A jury in a divorce case? Yes, in Georgia
Supporters say it helps thwart judges’ bias.Cost, desire for privacy make it a rare choice; only Texas also allows it.
The road to wedded bliss usually ends in the couple declaring their undying love before a judge or, in a religious setting, a man or woman of the cloth.
In Georgia, the exit ramp to Splitsville brings the now-not-so-happy couple before a judge, too. However, a quirky but little-used right of divorce law in the Peach State allows for a jury of 12 strangers to help decide most aspects of the case.
In fact, Georgia and Texas are the only states where couples seeking to dissolve a marriage have the right to divorce by jury. (New York juries can’t try such cases but can be called to decide if couples meet the state criteria for divorce.)
A lot more common in the 1970s when Georgia judges were prone to giving lifetime alimony in divorce cases which the paying ex-spouse usually would contest it’s a rare occurrence now. They’re also more expensive because preparing for a jury requires a lot more prep work and support materials used to explain various concepts to them that lawyers don’t need to do when arguing a divorce case solely before a judge.
“It is time-consuming and expensive,” said Stephen A. Land, an Atlanta attorney and former Fulton County assistant district attorney. “Most lawyers charge from $300 to $600 an hour. A jury trial could add two extra days and at seven hours a day, two extra days of trial is $5,000.”
There’s also court costs, which include paying jurors for their time.
But despite periodic attempts to scrap it from the Georgia code including as recently as 2007 those initiatives have always failed because attorneys say it’s a valuable tool in their arsenal of legal strategies.
So it’s not likely to go away anytime soon, lawyers say, because they and their battling clients have an advantage in keeping that right though it’s often used only as a last resort.
“I really think the jury trial is a basic right for all litigants, and it helps ensure fairness and the right to have the community help when spouses just cannot do it themselves,” said Randall M. Kessler, a family law attorney and founding partner of Kessler, Schwarz & Solomiany in Atlanta.
“It is also perhaps the very best way to ensure that people try their best to settle out of court, since a jury trial is always a risk, for both sides, no matter what the facts are.”
Plus, couples aren’t keen on having details of their private lives displayed before a dozen strangers.
“I’ve had more than one juror on a divorce case say to me afterward, that they would rather die than have that paraded in front of everybody,” Land said.
Kessler recounted a recent case where his client and her prominent doctor husband couldn’t come to an acceptable settlement agreement going back and forth for a year. Kessler’s client asked for a jury trial.
But the day before the trial was to start, Kessler said the husband and his attorney wanted to settle.
“The judge let us stay in the courthouse, and we were there until 3:30 a.m.,” Kessler said. “I think it hit him that everything he expressed to the world was not the side the jury was going to see.”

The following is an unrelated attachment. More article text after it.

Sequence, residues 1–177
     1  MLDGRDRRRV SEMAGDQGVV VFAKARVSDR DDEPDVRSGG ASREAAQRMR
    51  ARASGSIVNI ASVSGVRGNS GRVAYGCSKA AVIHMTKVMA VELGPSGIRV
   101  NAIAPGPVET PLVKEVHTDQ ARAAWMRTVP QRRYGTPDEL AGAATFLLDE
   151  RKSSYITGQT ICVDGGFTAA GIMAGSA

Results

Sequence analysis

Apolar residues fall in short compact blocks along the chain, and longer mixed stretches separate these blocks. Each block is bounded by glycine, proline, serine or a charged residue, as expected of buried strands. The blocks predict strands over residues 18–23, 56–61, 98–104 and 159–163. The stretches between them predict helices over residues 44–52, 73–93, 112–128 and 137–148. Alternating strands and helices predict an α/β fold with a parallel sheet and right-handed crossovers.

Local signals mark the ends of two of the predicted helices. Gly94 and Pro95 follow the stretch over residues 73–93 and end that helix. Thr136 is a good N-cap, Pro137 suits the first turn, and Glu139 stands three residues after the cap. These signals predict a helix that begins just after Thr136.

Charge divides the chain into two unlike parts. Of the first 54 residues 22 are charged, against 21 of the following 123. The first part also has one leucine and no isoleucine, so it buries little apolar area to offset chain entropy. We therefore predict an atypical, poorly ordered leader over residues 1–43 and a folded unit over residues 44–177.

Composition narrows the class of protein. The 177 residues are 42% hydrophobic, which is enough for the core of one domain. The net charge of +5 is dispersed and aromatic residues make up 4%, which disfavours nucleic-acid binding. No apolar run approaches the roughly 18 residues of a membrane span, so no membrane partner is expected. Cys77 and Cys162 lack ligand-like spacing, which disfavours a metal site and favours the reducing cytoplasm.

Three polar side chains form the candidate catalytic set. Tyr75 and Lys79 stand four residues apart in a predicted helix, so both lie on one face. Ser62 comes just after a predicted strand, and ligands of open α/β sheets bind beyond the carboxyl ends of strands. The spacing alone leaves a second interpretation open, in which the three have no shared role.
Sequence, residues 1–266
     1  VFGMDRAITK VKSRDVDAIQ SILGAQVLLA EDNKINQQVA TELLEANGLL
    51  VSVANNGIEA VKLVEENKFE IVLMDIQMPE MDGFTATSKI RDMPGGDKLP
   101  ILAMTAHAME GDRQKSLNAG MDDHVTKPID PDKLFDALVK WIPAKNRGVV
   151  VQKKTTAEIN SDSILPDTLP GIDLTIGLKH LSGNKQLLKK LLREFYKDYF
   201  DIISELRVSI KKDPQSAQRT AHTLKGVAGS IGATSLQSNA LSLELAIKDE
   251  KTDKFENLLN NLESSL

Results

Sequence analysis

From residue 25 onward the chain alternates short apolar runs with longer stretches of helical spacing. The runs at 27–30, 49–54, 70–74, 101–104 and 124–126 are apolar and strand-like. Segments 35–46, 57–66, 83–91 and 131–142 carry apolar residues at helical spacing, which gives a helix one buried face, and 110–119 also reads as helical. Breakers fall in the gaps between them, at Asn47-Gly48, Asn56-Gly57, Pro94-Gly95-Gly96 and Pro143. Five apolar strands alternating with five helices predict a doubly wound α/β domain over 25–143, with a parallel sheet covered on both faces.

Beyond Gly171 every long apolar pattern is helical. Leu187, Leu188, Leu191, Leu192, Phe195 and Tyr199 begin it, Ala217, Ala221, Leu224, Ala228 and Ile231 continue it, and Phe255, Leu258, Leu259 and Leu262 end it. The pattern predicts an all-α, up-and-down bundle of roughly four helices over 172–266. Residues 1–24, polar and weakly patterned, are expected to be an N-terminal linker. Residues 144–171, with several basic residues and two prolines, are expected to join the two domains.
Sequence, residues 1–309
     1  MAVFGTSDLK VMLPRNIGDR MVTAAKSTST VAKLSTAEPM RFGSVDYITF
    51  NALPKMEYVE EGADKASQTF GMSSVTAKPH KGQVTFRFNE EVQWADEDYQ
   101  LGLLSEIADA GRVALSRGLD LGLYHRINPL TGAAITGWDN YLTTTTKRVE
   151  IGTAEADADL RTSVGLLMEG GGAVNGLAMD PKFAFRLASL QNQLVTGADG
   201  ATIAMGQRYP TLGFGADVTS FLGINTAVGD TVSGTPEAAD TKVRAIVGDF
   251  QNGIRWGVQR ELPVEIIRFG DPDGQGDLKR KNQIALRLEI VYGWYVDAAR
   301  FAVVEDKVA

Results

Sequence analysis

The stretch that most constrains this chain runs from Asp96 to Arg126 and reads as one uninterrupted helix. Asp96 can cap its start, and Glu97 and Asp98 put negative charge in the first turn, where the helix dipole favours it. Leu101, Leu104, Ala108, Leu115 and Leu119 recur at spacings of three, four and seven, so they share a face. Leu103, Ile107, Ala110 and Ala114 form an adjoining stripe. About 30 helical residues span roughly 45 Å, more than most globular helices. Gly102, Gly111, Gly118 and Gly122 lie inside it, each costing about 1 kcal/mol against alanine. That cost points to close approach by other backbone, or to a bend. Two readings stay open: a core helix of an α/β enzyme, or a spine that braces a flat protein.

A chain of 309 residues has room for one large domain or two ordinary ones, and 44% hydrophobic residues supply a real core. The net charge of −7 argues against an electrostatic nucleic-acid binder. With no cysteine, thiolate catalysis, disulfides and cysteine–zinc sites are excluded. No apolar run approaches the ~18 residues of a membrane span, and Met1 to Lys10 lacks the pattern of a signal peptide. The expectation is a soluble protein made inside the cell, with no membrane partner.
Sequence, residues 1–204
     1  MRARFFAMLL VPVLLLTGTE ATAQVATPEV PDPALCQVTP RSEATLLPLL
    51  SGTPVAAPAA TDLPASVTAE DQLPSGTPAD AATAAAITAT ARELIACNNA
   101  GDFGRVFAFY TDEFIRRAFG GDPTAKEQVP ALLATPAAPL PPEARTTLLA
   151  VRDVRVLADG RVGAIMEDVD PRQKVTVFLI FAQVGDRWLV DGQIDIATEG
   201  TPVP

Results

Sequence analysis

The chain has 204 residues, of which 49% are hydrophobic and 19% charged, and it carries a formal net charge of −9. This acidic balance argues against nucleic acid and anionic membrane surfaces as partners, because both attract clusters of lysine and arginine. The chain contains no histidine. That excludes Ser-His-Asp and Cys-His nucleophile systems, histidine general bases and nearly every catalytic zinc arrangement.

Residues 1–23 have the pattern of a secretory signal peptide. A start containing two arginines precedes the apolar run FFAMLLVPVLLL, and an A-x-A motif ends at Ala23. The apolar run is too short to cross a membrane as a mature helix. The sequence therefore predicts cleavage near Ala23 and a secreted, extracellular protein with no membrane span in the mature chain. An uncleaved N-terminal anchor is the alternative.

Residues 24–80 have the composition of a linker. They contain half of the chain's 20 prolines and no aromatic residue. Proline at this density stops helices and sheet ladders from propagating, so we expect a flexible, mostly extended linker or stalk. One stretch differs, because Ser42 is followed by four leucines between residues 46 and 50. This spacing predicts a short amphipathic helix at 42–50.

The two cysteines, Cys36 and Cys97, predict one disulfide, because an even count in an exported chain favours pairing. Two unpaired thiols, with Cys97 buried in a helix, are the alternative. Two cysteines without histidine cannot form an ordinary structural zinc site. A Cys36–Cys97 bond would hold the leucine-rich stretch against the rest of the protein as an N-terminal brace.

Still, some, like Terry Thorp of Roswell, believe that a jury of 12 yields a more just result than going up before a judge alone.
Thorp, who owns a drywall and installation business in Woodstock, said he tried to settle with his wife of five years, but the two could not come to an acceptable agreement. They went before a mediator still no solution.
He opted for a jury trial following a preliminary hearing where he was ordered to pay temporary alimony. Thorp said he decided that because he didn’t believe he was given a full chance to tell his side of the story.
“To give everybody a fair chance, you need to have a trial,” said Thorp, who received his divorce in 2005. “If you go before a judge and the judge has certain pet peeves and you do something they don’t like, you never know. It’s very difficult to let one person make a decision over your life.”
Georgia divorce juries can decide alimony, child support and distribution of assets and debt. Custody of the children, though, is only determined by the judge. Texas has the reverse with juries deciding custody and visitation rights, and the judge determining the division of assets. Texas juries also can hear cases where one parent seeks to terminate the parental rights of another or if a one is trying to prove paternity.
Though the laws differs in both states on what juries can decide, lawyers cite the same benefit: They can serve as a hedge against bias from the bench.
“You might have a rogue judge who has a reputation for not awarding much alimony,” Kessler said.
Lawyers add that because Georgia also is a solid Bible Belt state, certain divorce triggers, such as infidelity, might not resonate as much with a judge whose heard hundreds of cases, but might with a couple of jurors who might find adultery morally reprehensible. Conversely, it might bring sympathy from a juror for the cheating spouse if the juror has done the same thing.
“It can be used as a safeguard rather than having one person making a decision about it,” said Wilbur Warner an Atlanta divorce attorney and partner in Warner, Mayoue, Bates & Nolen. “With a jury, at least, it’s a composite of the baggage and issues and it’s not one person deciding.”